VI. RBI Publications

Fifth Volume of Reserve Bank History

The Reserve Bank on December 19, 2022 released  fifth volume of the Reserve Bank of India’s history. This volume encompasses the 11-year period from 1997 to 2008. The Reserve Bank had initiated the process of preparation of this volume in 2015 under the guidance of an advisory committee chaired by Dr. Narendra Jadhav, former Member of Parliament and former Principal Adviser & Chief Economist of the Reserve Bank.

The volume is published by the Cambridge University Press and contains the institutional history of the Reserve Bank documented on the basis of official records, publications and oral discussions with persons who were closely associated with the working of the Reserve Bank during the period. This volume covers the developments in policies and operations in major functional areas during the period which was marked by two major crises in the global economy, i.e., the Asian financial crisis and the global financial crisis. It covers the tenures of three Governors – the latter part of Dr. C. Rangarajan’s tenure, the complete tenure of Dr. Bimal Jalan and a major part of Dr. Y. V. Reddy’s tenure.

Report on Trend and Progress of Banking

The Reserve Bank on December 27, 2022 released the Report on Trend and Progress of Banking in India 2021-22, a statutory publication in compliance with Section 36 (2) of the Banking Regulation Act, 1949. This Report presents the performance of the banking sector, including co-operative banks and non-banking financial institutions, during 2021-22 and 2022-23 so far.

The following are the highlights of the report:

i) The consolidated balance sheet of scheduled commercial banks (SCBs) registered double digit growth in 2021-22, after a gap of seven years, led by credit growth, which accelerated to a ten-year high in H1: 2022-23.

ii) The capital to risk weighted assets ratio (CRAR) of SCBs strengthened from 16.3 per cent at end-March 2021 to 16.8 per cent at end-March 2022, with all banks meeting the regulatory minimum capital requirement of 11.5 per cent as also the common equity tier-1 (CET-1) ratio requirement of 8 per cent.

iii) The gross non-performing assets (GNPA) ratio of SCBs has been declining sequentially from its peak in 2017-18 to reach 5.8 per cent at end-March 2022, led by lower slippages as well as reduction in outstanding GNPAs.

iv) An acceleration in income and contraction in expenditure boosted the profitability of SCBs in 2021-22, measured in terms of return on equity and return on assets.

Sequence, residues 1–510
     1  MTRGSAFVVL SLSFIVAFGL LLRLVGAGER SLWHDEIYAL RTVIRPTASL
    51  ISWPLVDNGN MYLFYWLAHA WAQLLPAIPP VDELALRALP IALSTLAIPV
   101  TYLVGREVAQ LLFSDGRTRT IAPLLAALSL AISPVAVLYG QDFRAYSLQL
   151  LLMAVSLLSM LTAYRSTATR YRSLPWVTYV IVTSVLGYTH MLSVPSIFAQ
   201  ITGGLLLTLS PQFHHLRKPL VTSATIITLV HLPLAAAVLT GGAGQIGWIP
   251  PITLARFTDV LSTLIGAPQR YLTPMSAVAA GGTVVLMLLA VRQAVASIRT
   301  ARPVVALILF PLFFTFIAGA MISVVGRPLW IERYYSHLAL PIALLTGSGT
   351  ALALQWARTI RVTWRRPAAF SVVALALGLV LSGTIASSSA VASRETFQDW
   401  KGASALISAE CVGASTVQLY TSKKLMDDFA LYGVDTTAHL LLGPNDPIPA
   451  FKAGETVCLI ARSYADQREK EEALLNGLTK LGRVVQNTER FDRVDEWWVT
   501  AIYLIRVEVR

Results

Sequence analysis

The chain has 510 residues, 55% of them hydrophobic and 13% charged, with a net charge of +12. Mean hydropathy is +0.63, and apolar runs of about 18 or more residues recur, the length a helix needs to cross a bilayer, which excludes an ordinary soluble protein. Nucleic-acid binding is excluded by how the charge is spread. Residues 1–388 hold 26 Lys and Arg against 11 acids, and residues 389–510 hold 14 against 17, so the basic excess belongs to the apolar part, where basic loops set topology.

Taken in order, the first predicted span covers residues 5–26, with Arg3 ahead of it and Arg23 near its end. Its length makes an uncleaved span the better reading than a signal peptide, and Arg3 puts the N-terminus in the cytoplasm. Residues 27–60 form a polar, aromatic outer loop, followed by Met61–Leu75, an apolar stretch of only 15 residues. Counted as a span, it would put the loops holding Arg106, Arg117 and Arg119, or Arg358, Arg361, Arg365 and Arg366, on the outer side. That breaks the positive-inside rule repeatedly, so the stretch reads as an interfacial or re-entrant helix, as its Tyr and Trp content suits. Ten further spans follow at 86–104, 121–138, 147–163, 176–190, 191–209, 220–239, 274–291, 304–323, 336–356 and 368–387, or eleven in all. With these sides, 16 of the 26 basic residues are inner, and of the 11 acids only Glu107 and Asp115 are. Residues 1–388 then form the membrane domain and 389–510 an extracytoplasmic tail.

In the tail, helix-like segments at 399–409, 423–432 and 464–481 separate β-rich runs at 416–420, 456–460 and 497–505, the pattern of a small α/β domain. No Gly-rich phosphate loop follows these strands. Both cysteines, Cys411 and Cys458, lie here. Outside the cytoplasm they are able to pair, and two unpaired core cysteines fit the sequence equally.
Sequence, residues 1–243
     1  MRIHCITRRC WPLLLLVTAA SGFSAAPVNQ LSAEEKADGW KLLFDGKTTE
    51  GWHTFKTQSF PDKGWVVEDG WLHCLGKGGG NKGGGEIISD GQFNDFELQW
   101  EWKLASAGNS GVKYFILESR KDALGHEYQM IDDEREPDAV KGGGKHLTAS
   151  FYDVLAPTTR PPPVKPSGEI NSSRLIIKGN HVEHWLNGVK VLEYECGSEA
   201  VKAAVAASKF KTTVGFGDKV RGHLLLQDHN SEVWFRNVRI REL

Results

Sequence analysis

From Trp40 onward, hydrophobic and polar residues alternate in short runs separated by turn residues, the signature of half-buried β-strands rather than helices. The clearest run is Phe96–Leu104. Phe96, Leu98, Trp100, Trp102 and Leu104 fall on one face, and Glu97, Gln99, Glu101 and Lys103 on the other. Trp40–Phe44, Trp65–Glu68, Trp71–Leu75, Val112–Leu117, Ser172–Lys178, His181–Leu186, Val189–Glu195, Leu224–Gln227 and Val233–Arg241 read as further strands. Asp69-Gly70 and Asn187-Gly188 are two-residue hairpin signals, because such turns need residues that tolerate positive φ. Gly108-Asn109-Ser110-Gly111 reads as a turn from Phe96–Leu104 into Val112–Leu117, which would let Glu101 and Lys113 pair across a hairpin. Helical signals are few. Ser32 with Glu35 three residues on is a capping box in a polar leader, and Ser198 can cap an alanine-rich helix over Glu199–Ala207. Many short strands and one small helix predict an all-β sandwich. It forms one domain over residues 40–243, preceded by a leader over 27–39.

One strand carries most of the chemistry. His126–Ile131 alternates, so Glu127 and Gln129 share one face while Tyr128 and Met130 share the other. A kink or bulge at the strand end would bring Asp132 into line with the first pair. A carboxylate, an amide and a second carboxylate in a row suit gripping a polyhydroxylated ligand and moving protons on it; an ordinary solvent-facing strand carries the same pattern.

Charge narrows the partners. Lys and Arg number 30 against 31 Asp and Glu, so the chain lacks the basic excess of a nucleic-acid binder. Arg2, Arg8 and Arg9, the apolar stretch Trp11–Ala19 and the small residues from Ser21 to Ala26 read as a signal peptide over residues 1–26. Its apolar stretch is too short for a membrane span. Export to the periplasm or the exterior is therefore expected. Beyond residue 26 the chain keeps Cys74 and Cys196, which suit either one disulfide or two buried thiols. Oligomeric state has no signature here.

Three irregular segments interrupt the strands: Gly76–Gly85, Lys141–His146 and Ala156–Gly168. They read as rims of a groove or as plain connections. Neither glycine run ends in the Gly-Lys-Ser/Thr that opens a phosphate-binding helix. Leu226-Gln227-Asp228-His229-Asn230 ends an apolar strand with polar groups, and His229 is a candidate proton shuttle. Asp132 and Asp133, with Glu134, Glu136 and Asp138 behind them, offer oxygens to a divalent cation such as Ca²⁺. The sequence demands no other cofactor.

v) The financial performance of urban co-operative banks (UCBs) showed improvement in 2021-22, characterised by augmented capital buffers, a decline in GNPA ratio and improved profitability indicators.

vi) The NBFC sector maintained comfortable liquidity buffers, adequate provisioning, and a strong capital position during 2021-22, while asset quality improved. To read more, please click here.

Financial Stability Report, December 2022

The Reserve Bank on December 29, 2022 released the 26th issue of the Financial Stability Report (FSR), which reflects the collective assessment of the Sub-Committee of the Financial Stability and Development Council (FSDC) on risks to financial stability and the resilience of the financial system. The following are the highlights of the report:

i) The global economy is facing formidable headwinds with recessionary risks looming large. The interplay of multiple shocks has resulted in tightened financial conditions and heightened volatility in financial markets.

ii) The Indian economy is confronting strong global headwinds. Yet, sound macroeconomic fundamentals and healthy financial and non-financial sector balance sheets are providing strength and resilience and engendering financial system stability.

iii) Buoyant demand for bank credit and early signs of a revival in investment cycle are benefiting from improved asset quality, return to profitability and strong capital and liquidity buffers of scheduled commercial banks (SCBs).

iv) The gross non-performing asset (GNPA) ratio of scheduled commercial banks (SCBs) fell to a seven-year low of 5.0 per cent and net non-performing assets (NNPA) have dropped to ten-year low of 1.3 per cent in September 2022.